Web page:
"Fourth Amendment rights are implicated only if the conduct of the . . . officials at issue in this case infringed `an expectation of privacy that society is prepared to consider reasonable.'" O'Connor v. Ortega, 480 U.S. at 715, 107 S.Ct. at 1497; accord Sangineto-Miranda, 859 F.2d at 1510; Blanco, 844 F.2d at 349. The Supreme Court has advised that the mere presence on premises, by itself, is insufficient to prove that a plaintiff possessed a legitimate expectation of privacy under the Fourth Amendment. Rakas, 439 U.S. at 142-48, 99 S.Ct. at 429-33. A plaintiff asserting a civil action for violation of Fourth Amendment rights must accordingly introduce affirmative proof that he possessed an interest in and involvement with the residence entered which society was prepared to recognize and protect as reasonable under the circumstances. He must satisfy his burden of proof by producing evidence that he had some "control and supervision of the place searched," United States v. Pollock, 726 F.2d 1456, 1465 (9th Cir. 1984); accord Sangineto-Miranda, 859 F.2d at 1510; Blanco, 844 F.2d at 349; see also United States v. Lyons, 706 F.2d 321 (D.C. Cir. 1983); United States v. Robinson, 698 F.2d 448 (D.C. Cir. 1983); State v. Isom, 196 Mont. 330, 641 P.2d 417 (1982); State v. Allen, 188 Mont. 135, 612 P.2d 199 (1980), that he possessed "a key [or that] he ha[d] unencumbered access" to the residence, United States v. Nabors, 761 F.2d 465, 469 (8th Cir.), cert. denied 474 U.S. 851, 106 S.Ct. 148, 88 L.Ed.2d 123 (1985); accord Jones v. United States, 362 U.S. 257, 259, 80 S.Ct. 725, 730, 4 L.Ed.2d 697 (1960); Sangineto-Miranda, 859 F.2d at 1510; Blanco, 844 F.2d at 349; Robinson, 698 F.2d 448; United States v. Meyer, 656 F.2d 979 (5th Cir. 1981), or alternatively that he "kept personal belongings at the residence." United States v. Salvador, 740 F.2d 752, 755 n. 2 (9th Cir. 1984), cert. denied, 469 U.S. 1196, 105 S.Ct. 978, 83 L.Ed.2d 980 (1985); see also Jones, 362 U.S. at 259, 80 S.Ct. at 730; United States v. Grandstaff, 813 F.2d 1353 (9th Cir.), cert. denied sub nom. Brown v. United States, ___ U.S. ___, 108 S.Ct. 119, 98 L.Ed.2d 78 (1987); Nabors, 761 F.2d 465; Meyer, 656 F.2d 979; People v. Rodriguez, 69 N.Y.2d 159, 513 N.Y.S.2d 75, 505 N.E.2d 586 (1987); Isom, 196 Mont. 330, 641 P.2d 417; People v. Wagner, 104 Mich. App. 169, 304 N.W.2d 517 (1981).

In the case at bar, apart from the isolated, conjectured hearsay comment of Gilkey that Jones was living with Peggy Coffey, the record failed to disclose any objective evidence that he exercised any control or dominion over the Coffey domicile, by virtue of possessing an entry key to the residence, unrestricted access to that household, storage of any personal belongings or other indicia of presence in the location. On the contrary, the officers found the appellant, fully clothed, under the covers of a bed situated in the room where they had observed him peering from the window.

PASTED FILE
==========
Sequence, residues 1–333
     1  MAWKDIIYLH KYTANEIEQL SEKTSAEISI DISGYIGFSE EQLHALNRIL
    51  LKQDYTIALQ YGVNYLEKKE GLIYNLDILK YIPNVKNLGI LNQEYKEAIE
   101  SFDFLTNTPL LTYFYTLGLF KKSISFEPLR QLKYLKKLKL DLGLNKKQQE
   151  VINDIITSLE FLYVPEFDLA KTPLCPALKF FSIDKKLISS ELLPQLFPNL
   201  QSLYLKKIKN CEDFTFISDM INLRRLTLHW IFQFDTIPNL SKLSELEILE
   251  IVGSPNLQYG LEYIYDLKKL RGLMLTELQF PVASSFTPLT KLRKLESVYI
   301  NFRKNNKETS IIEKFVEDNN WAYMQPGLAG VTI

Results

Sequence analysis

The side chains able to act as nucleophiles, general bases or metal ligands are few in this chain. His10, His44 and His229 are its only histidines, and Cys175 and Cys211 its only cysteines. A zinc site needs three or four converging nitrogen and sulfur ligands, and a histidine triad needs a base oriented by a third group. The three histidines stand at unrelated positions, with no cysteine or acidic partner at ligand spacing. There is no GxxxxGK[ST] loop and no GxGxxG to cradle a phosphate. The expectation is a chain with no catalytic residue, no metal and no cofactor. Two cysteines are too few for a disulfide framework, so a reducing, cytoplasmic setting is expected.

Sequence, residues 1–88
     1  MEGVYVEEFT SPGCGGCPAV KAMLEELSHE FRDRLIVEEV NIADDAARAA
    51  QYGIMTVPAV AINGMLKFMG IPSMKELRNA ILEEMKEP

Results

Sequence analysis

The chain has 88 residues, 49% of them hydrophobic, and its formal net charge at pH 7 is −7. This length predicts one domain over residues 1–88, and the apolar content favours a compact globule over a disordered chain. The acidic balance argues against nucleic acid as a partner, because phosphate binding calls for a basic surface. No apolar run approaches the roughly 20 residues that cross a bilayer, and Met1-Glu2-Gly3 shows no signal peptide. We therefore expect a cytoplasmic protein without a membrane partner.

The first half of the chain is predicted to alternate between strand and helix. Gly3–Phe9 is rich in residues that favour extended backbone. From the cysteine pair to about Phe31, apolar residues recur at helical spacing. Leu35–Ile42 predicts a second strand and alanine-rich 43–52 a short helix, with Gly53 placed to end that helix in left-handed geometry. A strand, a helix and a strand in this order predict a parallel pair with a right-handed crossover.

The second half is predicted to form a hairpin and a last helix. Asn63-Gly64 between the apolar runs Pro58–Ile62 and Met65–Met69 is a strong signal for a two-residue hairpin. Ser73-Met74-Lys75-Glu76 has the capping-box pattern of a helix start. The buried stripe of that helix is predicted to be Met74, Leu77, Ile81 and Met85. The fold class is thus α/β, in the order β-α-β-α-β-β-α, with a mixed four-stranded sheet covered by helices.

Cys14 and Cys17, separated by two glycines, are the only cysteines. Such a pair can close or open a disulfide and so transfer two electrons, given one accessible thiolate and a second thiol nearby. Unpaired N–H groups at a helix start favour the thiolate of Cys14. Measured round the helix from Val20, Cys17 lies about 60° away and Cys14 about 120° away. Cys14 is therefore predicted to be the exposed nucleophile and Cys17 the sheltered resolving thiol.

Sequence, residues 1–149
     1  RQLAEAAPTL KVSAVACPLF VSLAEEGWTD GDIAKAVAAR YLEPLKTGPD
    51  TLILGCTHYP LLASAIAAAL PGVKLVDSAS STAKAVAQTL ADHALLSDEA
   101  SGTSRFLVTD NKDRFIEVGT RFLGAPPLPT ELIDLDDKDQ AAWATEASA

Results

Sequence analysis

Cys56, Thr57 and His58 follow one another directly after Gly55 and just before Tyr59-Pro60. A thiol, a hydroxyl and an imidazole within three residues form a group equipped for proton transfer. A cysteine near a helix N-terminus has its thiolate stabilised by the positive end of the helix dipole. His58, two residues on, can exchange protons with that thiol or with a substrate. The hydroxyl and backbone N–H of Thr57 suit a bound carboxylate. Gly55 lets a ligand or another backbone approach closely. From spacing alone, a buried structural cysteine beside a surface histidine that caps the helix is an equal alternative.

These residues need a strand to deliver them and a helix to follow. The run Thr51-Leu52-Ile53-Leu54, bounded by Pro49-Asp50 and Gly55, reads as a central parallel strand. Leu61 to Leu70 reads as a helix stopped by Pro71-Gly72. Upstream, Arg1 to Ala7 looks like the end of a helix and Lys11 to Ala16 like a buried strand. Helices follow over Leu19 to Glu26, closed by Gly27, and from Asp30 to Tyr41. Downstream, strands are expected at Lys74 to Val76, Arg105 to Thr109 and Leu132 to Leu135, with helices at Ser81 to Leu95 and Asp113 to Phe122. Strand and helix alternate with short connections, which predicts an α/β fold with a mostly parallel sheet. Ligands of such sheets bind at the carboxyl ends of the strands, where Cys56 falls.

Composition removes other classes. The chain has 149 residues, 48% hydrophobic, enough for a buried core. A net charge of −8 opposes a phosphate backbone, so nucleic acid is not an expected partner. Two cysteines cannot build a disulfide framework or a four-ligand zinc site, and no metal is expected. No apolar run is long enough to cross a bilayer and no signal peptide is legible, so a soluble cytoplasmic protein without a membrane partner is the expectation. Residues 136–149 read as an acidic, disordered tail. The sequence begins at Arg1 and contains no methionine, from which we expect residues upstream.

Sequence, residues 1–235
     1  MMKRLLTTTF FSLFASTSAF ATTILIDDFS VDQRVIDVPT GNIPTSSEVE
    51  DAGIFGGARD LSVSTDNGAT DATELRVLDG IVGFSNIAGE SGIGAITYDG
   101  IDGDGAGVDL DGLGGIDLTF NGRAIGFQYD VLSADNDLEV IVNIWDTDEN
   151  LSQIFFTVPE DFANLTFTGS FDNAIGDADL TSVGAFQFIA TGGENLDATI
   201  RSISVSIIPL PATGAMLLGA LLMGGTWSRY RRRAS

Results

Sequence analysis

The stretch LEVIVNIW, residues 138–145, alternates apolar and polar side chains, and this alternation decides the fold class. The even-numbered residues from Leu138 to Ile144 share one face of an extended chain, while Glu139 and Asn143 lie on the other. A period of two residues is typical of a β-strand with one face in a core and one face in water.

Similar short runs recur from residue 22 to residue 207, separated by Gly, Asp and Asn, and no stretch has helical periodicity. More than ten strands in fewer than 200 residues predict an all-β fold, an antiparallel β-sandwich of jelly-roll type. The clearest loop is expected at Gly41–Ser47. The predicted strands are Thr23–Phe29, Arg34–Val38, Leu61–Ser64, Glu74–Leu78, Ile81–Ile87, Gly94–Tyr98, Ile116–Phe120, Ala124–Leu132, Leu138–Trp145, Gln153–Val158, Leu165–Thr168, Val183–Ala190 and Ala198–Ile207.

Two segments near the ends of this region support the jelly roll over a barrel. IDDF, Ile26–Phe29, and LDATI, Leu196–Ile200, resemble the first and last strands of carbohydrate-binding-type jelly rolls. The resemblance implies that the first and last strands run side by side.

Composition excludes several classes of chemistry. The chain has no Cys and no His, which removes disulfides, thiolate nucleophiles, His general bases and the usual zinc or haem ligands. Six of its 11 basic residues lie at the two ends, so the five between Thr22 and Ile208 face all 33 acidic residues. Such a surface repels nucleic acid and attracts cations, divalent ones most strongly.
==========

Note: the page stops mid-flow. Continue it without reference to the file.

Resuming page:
Since appellant has not offered facts to establish a `reasonable expectation of privacy' under these factors, we have no basis for finding one. . . . Appellant's counsel introduced no evidence on how long [he] had been in the house, whether he was in fact living there, if he had a key, or the nature of his relation to the owner. [O]n the basis of the record before us, we must find that appellant had no expectation of privacy in the . . . home. . . .

Robinson, 698 F.2d at 454-55; compare Buckner, 717 F.2d at 300 (no evidence in the "record to indicate that the [appellant] had a legitimate expectation of privacy") with O'Connor, 480 U.S. at 718-19, 107 S.Ct. at 1499 (undisputed evidence demonstrated reasonable expectation of privacy). Accordingly, because of the plaintiff's failure to introduce any evidence bearing upon the material elements of his reasonable "expectation of privacy" within the Coffey residence which anchored his section 1983 cause of action asserting a violation of his Fourth Amendment rights, the district court correctly refused to instruct the jury on that issue. See generally Price Waterhouse v. Hopkins, ___ U.S. ___, ___, n. 11, 109 S.Ct. 1775, 1788 n. 11, 104 L.Ed.2d 268 (1989) ("In our adversary system, where a party has the burden of proving a particular assertion and where that party is unable to meet its burden, we assume that the assertion is inaccurate.") (Brenan, J., plurality opinion).

Moreover, the case having been concluded, and a jury verdict having been returned, this appellate review effectively affords the plaintiff a second bite of the apple after having failed as a matter of law to prove a prima facie case as to his cause of action asserted pursuant to the Fourth Amendment. I would therefore, for the reasons set forth herein, AFFIRM the judgment of the district court in its entirety.